Hours after being left of the finalist list for the Naismith trophy, Napheesa Collier quietly put on another incredible performance in UConn’s opening game of the NCAA tournament. She had 23 points (on 9-15 shooting), 14 rebounds, 4 assists and 4 blocks - a performance worthy of national player of the year conversations.
Collier has been putting on these type of performances all season long. She’s averaging a double-double, plus 3.5 assists and 1.4 blocks per game. She shoots over 65 percent from two-point range, scores 1.16 points per play, assists on 20 percent of her teammates’ field goals and collects 21 percent of available defensive rebounds while on the floor. Yet, somehow she still seems to fly under the radar.
So it’s extremely confusing why Collier wouldn’t be among the four finalists for the Naismith trophy: Megan Gustafson (Iowa), Sabrina Ionescu (Oregon), Asia Durr (Louisville), and Arike Ogunbowale (Notre Dame).
Outside of Gustafson, who leads all players with 28 points per game, the finalists and Collier all hover around an average of 20 to 21 points per game. Collier scores much more efficiently though, at 1.29 points per true shooting attempt on the season, which ranks in the top one percent in the country. Durr is the only other player of the group (again excluding Gustafson) that even ranks in the top 10 percent for scoring efficiency.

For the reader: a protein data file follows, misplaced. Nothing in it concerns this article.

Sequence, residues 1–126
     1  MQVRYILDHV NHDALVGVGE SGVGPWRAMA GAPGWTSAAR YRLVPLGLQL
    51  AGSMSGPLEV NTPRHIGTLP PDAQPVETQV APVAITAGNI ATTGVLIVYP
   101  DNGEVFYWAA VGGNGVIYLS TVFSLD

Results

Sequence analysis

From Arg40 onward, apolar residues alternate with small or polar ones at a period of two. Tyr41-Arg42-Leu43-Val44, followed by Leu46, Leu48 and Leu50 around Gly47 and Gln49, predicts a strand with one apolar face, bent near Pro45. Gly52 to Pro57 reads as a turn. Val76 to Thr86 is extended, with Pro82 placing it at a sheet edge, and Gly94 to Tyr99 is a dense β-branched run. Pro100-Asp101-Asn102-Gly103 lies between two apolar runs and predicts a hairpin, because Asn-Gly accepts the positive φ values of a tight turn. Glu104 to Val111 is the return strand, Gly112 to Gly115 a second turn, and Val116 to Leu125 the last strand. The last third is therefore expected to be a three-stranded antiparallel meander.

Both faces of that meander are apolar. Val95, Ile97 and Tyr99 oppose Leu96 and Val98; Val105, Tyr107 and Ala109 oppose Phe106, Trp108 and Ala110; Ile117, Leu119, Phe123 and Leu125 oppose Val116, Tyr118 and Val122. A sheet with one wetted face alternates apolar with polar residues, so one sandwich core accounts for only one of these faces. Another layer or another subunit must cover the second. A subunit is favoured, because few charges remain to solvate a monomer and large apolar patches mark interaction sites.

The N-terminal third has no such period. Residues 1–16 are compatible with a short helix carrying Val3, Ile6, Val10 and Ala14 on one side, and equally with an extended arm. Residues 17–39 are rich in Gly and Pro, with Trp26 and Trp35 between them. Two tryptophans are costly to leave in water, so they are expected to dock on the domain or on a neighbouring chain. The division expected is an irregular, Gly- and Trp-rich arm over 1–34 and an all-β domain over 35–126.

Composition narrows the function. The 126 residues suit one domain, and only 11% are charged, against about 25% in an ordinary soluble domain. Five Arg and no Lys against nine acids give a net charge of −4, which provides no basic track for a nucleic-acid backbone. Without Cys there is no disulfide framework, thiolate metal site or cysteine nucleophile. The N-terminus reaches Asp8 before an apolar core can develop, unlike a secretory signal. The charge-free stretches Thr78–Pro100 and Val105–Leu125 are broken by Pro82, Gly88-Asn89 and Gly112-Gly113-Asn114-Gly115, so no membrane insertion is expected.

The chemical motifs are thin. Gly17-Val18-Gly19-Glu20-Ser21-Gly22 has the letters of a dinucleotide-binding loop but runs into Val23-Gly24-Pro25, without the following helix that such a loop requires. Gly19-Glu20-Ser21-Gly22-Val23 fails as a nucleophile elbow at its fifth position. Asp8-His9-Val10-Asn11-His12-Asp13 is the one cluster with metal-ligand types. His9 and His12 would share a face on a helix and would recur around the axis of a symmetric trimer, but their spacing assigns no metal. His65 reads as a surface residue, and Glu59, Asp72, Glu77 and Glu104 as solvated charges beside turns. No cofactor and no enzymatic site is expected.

When she’s not finishing at the basket, Collier dishes out the assist on over 20 percent of her teammates’ made field goals. The only finalist with a higher assist rate is Ionescu. Gustafson is the only finalist that has her beat on rebounding and block rates, and Ogunbowale is the only one that has her beat on steal rate. Collier is the only one doing it all at such a high level.
In fact, she is one of just three players in the whole country averaging a double-double while being in the top 10 percent for both assists and blocks. She’s part of less than one percent of players who average a double-double, and part of the less than two percent of players who average over 15 points per game and rank in the top 10 percent for assists per game. Napheesa Collier is without a doubt one of, if not the most elite players in the country, making it rather shocking that she has been eliminated from contending for the award for the nation’s top player.